Related Rule
New Zealand
Practice Relating to Rule 8. Definition of Military Objectives
New Zealand’s Military Manual (1992) states:
The military advantage at the time of attack is that advantage from the military campaign or operation of which the attack is a part considered as a whole and not only from isolated or particular parts of that campaign or operation. Military advantage involves a variety of considerations including the security of the attacking forces. 
New Zealand, Interim Law of Armed Conflict Manual, DM 112, New Zealand Defence Force, Headquarters, Directorate of Legal Services, Wellington, November 1992, § 516(1); see also § 623(1).
New Zealand’s Military Manual (1992) states that combatants are military objectives. 
New Zealand, Interim Law of Armed Conflict Manual, DM 112, New Zealand Defence Force, Headquarters, Directorate of Legal Services, Wellington, November 1992, § 516(1); see also § 623(1).
New Zealand’s Military Manual (1992) states: “Military bases, warehouses … buildings and objects that provide administrative and logistic support for military operations are examples of objects universally regarded as military objectives.” 
New Zealand, Interim Law of Armed Conflict Manual, DM 112, New Zealand Defence Force, Headquarters, Directorate of Legal Services, Wellington, November 1992, § 516(2); see also § 623(2).
New Zealand’s Military Manual (1992) states: “Military aircraft, weapons [and] ammunition are examples of objects universally regarded as military objectives.” 
New Zealand, Interim Law of Armed Conflict Manual, DM 112, New Zealand Defence Force, Headquarters, Directorate of Legal Services, Wellington, November 1992, § 516(2); see also § 623(2).
New Zealand’s Military Manual (1992) states that “command and control points are examples of objects universally regarded as military objectives”. 
New Zealand, Interim Law of Armed Conflict Manual, DM 112, New Zealand Defence Force, Headquarters, Directorate of Legal Services, Wellington, November 1992, § 516(2); see also § 623(2).
New Zealand’s Military Manual (1992) states that “[military] transport, ports [and] airfields are examples of objects universally regarded as military objectives”. 
New Zealand, Interim Law of Armed Conflict Manual, DM 112, New Zealand Defence Force, Headquarters, Directorate of Legal Services, Wellington, November 1992, § 516(2); see also § 623(2).
The manual further considers that “transportation systems for military supplies, transportation centres where lines of communication converge, railyards … may be attacked if they meet the criteria for military objectives”.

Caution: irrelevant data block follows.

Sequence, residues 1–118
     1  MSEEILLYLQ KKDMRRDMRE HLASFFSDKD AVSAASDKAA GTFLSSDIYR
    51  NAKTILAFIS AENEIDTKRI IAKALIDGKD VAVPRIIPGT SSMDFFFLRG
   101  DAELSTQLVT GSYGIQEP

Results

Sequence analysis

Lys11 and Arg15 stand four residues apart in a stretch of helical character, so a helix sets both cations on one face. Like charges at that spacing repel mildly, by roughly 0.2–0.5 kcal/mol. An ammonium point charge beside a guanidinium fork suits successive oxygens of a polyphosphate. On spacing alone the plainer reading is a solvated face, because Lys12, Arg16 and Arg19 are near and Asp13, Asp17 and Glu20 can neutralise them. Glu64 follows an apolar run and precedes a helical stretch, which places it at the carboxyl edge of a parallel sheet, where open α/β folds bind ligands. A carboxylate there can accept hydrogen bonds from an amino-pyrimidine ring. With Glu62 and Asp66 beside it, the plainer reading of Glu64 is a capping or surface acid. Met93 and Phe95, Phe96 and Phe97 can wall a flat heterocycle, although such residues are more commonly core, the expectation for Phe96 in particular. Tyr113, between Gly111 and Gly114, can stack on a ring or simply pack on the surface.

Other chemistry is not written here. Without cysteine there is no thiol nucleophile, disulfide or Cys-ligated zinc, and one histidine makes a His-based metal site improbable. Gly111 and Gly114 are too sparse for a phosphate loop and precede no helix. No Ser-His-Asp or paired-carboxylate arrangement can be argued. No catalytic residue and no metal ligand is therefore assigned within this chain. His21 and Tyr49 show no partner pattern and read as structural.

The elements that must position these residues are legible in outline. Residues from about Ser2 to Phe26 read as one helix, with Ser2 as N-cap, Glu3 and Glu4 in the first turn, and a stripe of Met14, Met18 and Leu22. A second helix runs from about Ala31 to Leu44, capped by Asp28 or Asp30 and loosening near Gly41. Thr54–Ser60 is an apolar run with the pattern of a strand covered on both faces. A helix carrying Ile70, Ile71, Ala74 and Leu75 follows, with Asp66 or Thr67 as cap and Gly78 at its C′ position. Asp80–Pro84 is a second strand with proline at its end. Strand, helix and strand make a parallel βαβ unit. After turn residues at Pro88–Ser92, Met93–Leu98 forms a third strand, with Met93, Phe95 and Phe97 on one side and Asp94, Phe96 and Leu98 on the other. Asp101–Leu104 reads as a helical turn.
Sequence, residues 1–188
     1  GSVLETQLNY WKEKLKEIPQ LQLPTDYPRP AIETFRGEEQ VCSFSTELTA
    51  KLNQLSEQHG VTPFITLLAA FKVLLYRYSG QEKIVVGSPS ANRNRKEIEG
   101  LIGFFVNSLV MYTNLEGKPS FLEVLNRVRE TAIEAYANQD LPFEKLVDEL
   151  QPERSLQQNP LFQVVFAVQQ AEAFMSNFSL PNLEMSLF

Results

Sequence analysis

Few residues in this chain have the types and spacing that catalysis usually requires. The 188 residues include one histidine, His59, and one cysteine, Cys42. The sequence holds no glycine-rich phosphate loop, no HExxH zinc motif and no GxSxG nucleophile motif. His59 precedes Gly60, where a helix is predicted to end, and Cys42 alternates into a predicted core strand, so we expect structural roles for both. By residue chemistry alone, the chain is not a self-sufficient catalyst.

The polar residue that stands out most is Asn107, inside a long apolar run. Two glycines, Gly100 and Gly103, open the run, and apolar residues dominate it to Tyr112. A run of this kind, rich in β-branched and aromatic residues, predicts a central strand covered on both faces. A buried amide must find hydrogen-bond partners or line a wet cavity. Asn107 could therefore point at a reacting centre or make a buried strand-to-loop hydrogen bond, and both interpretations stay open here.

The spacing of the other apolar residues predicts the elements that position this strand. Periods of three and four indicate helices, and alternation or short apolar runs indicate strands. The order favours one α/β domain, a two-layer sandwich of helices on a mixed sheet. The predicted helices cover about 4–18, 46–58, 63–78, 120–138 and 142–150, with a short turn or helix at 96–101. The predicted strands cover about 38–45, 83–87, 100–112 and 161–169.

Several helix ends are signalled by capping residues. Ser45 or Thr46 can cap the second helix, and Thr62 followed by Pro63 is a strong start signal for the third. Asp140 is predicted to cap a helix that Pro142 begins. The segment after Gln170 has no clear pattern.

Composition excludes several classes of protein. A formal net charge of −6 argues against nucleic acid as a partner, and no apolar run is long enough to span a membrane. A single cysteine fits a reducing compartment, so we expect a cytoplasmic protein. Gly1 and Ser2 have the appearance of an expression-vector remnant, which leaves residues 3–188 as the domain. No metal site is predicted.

New Zealand, Interim Law of Armed Conflict Manual, DM 112, New Zealand Defence Force, Headquarters, Directorate of Legal Services, Wellington, November 1992, § 516(4); see also § 623(4).
New Zealand’s Military Manual (1992) states that “energy installations [and] war supporting industries are examples of objects universally regarded as military objectives”. 
New Zealand, Interim Law of Armed Conflict Manual, DM 112, New Zealand Defence Force, Headquarters, Directorate of Legal Services, Wellington, November 1992, § 516(2); see also § 623(2).
The manual further states:
Industrial installations producing materiel for combat forces, fuel dumps and distribution centres supplying military users, and industrial installations that repair and replenish lines of communication (such as conventional power plants and vehicle plants), and other economic targets may be attacked if they meet the criteria for military objectives. 
New Zealand, Interim Law of Armed Conflict Manual, DM 112, New Zealand Defence Force, Headquarters, Directorate of Legal Services, Wellington, November 1992, § 516(4); see also § 623(4).
In general, the manual considers that:
Economic targets that indirectly but effectively support enemy operations may also be attacked to gain a definite military advantage. For example, an 1870 international arbitral tribunal recognized that the destruction of cotton was justified during the American Civil War since the sale of cotton provided funds for almost all Confederate arms and ammunition. Authorization to attack such targets will be reserved to higher authority. 
New Zealand, Interim Law of Armed Conflict Manual, DM 112, New Zealand Defence Force, Headquarters, Directorate of Legal Services, Wellington, November 1992, § 516(5); see also § 623(5).
New Zealand’s Military Manual (1992) states:
An area of land may be a military objective, provided that the particular area offers a definite military advantage to the defending forces or those attacking. This would include a tract of land through which the adverse Party would be likely to move its forces, or an area the occupation of which would provide the occupant with the possibility of mounting a further attack. 
New Zealand, Interim Law of Armed Conflict Manual, DM 112, New Zealand Defence Force, Headquarters, Directorate of Legal Services, Wellington, November 1992, § 516(6); see also § 623(6).
Upon ratification of the 1977 Additional Protocol I, New Zealand stated:
In relation to Article 52, it is the understanding of the Government of New Zealand that a specific area of land may be a military objective if, because of its location or other reasons specified in the Article, its total or partial destruction, capture or neutralisation in the circumstances ruling at the time offers a definite military advantage. 
New Zealand, Declarations made upon ratification of the 1977 Additional Protocol I, 8 February 1988, § 4.
New Zealand’s Military Manual (1992) states: “Civilians employed in industries or other activities connected with the war effort may lose while on the job some or all of their protection as civilians but they do not, as a result, become combatants.” 
New Zealand, Interim Law of Armed Conflict Manual, DM 112, New Zealand Defence Force, Headquarters, Directorate of Legal Services, Wellington, November 1992, § 802(2).